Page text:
However, the filament will not stick properly if either your print bed or hotend is too cool. In some cases, it won’t even print. 

Here are some of the issues you may experience if you print ABS too cold: 

  • If your temperature is too low for ABS, it won’t come out of the nozzle. Naturally, this will clog your nozzle and extruder. If left untreated, a clogged nozzle can cause long-lasting damage to the printer.
  • If the heated print bed and nozzle are too cool, the uppermost layers may contract too fast, causing the bottom layer to warp or even peel off the plate.
  • The 3D print’s layers won’t adhere well, resulting in a weak object.

So, when printing with ABS, maintaining the ideal temperature range is critical. 

Ensure you don’t heat your bed below 90 °C (194 °F). Check the manufacturer’s instructions that come with the filament to confirm what the recommended temperature is. 

Contracting is only an issue if the print cools too quickly, but you can solve this issue with a printing enclosure. Printing enclosures keep the temperature consistent to avoid rapid cooling and warping, and they are critical when using ABS. 

Printing enclosures also contain VOCs to minimize harm to people in the room with the printer, especially if the printer is inside a home. 

Other Potential ABS Printing Issues

ABS is a hardy filament, but every printing material has unique challenges and considerations. Some other things you should monitor when printing with ABS filament are: 

  • Moisture
  • Print speed
  • Forced cooling

Let’s discuss these in more detail to figure out why they happen, the consequences, and how to solve or avoid them altogether. 


ABS is hygroscopic, meaning that it absorbs moisture from the air. ABS will become moist when you do not store the filament correctly or when the storage conditions are too humid. 

If the filament gets wet and absorbs water, the following may happen:

  • Filament bubbling out of the nozzle.
  • Poor adhesion to the print bed. 
  • Soft and fragile prints
  • An extruder jam. 
  • Leaky extruder, even when the printer is off. 

Keep your ABS in a vacuum-sealed bag or an airtight container to prevent it from absorbing any moisture from the atmosphere. Otherwise, invest in an active dry filament cabinet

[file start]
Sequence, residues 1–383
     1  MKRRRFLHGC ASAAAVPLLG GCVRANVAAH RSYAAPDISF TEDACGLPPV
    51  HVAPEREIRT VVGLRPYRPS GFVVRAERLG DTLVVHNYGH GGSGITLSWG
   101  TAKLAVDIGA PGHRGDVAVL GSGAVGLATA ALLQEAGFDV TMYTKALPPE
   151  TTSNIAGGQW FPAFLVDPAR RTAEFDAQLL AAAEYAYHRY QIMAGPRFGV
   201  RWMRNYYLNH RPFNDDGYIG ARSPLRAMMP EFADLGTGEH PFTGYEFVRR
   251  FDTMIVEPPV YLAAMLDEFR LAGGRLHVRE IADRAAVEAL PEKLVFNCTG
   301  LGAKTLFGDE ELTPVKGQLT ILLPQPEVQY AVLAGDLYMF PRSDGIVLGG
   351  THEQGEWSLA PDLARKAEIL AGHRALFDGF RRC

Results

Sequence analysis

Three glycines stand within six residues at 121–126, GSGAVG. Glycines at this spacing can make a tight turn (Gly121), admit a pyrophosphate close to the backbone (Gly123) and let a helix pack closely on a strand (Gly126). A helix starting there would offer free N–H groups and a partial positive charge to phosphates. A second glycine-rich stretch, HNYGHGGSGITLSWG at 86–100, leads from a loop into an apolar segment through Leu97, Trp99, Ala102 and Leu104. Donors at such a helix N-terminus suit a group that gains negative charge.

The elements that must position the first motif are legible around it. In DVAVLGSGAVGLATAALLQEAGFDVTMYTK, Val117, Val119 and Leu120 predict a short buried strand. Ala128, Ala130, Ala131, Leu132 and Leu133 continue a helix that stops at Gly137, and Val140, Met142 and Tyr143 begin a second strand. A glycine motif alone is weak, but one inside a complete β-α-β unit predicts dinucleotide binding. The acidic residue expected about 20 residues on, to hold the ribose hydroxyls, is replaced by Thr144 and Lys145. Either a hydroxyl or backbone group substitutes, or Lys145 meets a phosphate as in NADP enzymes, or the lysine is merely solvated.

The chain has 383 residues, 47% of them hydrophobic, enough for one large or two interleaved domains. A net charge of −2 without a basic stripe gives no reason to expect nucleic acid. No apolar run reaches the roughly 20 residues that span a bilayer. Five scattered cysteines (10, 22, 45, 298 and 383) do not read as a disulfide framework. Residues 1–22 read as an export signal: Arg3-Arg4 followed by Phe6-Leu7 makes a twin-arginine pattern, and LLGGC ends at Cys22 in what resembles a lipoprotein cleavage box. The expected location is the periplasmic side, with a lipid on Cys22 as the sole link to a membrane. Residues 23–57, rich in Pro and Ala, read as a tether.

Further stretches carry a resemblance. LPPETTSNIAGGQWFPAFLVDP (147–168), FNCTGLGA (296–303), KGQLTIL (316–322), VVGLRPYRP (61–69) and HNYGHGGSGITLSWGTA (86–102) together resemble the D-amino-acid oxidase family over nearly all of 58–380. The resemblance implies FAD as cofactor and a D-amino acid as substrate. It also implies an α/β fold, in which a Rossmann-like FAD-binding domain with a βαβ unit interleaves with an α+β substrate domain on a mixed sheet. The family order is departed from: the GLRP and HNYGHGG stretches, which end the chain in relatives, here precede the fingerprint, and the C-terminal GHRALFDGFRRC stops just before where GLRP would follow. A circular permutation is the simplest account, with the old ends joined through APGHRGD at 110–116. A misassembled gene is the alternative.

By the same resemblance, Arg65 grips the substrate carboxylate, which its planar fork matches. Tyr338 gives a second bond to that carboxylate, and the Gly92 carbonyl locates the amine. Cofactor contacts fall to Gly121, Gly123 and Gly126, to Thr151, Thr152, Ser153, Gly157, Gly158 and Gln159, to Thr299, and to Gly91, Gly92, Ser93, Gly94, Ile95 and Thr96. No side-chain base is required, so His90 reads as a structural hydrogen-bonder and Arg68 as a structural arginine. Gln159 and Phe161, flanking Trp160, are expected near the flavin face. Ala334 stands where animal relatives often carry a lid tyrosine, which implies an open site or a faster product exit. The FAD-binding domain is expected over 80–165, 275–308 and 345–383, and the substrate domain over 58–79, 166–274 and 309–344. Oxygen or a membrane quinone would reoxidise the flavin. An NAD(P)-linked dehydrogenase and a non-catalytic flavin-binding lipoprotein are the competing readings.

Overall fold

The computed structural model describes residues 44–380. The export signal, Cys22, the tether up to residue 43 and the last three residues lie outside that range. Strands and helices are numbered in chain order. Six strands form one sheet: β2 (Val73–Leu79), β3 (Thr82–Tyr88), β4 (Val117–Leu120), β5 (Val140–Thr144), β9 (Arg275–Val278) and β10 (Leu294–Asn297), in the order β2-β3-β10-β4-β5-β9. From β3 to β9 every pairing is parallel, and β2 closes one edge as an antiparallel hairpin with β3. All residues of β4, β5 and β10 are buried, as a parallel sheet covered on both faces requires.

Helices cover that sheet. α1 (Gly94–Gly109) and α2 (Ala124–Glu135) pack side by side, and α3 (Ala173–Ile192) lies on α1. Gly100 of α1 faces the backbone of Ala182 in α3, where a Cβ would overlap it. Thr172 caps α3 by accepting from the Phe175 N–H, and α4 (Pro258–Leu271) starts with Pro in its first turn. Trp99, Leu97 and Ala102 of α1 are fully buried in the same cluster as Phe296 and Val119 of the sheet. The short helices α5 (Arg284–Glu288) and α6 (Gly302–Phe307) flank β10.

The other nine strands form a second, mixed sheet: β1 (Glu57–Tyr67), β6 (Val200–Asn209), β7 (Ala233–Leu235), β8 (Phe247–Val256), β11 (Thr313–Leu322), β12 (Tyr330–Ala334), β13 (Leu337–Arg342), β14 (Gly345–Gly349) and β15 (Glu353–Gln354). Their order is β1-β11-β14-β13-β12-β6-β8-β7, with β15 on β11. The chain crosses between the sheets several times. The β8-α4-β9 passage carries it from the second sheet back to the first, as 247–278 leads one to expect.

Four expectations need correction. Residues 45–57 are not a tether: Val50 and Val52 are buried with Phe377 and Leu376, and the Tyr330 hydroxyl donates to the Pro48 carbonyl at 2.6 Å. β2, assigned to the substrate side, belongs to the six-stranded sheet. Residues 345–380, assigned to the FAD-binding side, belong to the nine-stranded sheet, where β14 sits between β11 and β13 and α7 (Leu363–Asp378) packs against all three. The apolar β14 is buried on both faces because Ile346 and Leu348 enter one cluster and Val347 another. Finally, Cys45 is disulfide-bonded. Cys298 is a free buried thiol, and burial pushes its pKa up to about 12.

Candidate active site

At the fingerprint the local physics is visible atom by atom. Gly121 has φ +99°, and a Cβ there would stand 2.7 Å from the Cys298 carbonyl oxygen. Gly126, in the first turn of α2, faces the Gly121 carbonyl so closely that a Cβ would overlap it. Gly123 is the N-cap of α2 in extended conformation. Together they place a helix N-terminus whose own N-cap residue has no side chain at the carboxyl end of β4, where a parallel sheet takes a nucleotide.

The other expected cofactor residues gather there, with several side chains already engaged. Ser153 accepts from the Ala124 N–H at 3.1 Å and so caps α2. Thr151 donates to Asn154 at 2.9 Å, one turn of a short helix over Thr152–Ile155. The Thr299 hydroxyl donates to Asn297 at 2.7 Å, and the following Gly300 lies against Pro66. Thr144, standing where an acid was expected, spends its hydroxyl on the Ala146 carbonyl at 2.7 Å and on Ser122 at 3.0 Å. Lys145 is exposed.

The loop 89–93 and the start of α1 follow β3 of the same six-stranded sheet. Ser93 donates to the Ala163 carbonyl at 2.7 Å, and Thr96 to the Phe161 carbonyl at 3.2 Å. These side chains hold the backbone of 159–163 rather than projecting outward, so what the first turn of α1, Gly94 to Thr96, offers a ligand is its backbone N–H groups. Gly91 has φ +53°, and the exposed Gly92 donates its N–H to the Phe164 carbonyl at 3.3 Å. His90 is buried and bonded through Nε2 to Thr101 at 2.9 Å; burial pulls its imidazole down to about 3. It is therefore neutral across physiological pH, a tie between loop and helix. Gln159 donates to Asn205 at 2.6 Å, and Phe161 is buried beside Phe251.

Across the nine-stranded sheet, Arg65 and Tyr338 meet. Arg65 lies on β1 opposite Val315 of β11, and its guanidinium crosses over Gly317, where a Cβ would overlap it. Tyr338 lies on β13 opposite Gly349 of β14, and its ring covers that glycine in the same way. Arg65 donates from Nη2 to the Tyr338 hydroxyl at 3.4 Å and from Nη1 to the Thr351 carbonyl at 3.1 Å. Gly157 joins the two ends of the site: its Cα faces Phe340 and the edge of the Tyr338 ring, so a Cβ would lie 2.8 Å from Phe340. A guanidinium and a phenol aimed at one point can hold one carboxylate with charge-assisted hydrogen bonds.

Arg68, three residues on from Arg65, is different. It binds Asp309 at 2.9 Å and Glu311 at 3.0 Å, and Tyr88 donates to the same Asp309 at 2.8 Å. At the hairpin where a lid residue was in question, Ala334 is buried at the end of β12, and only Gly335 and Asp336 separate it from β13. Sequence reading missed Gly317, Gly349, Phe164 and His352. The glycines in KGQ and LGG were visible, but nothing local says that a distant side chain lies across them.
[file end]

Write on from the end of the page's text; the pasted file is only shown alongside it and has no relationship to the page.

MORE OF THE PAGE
Print Speed

ABS prints far better at slower speeds. A slow print speed allows each layer to cool off properly, which avoids warping and curvature. Layer by layer, you can increase the printing speed, but not too much. 

A rapid print speed can also cause splitting or delamination between layers. 

A decent print speed for ABS is between 40 to 60 millimeters (1.57 to 2.36 in) per second. You might also want to use a first-layer speed of about 70%. 

If you have a printing enclosure, you can speed this up a little, as the conditions are more controlled, and there’s less interference from cool air and humidity. 

Forced Cooling

ABS doesn’t operate well in an environment with forced cooling. A printer cooling fan is crucial to every 3D printer, regardless of the filament, but using it too much will weaken the prints and negatively affect the filament. 

Forced cooling creates a more significant discrepancy between the layers and how quickly they cool, causing bad adhesion and poor consistency between layers. The most common symptoms are curling edges and severe warping. 

Avoid ABS print warping with the super easy steps in Dan Leow’s video below.


ABS isn’t necessarily a heat-sensitive material, but extreme heat can lead to poor-quality prints with warping, curling, and bad surface quality

ABS will also be tricky to print if you use a print temperature that’s too low, forced cooling, or an accelerated print speed. Overexposure to humidity and moisture can also affect ABS consistency and adhesion.

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About Ben

I started 3D printing since 2013 and have learned a lot since then. Because of this I want to share my knowledge of what I have learned in the past years with the community. Currently I own 2 Bambulab X1 Carbon, Prusa SL1S and a Prusa MK3S+. Hope you learn something from my blog after my years of experience in 3D printing.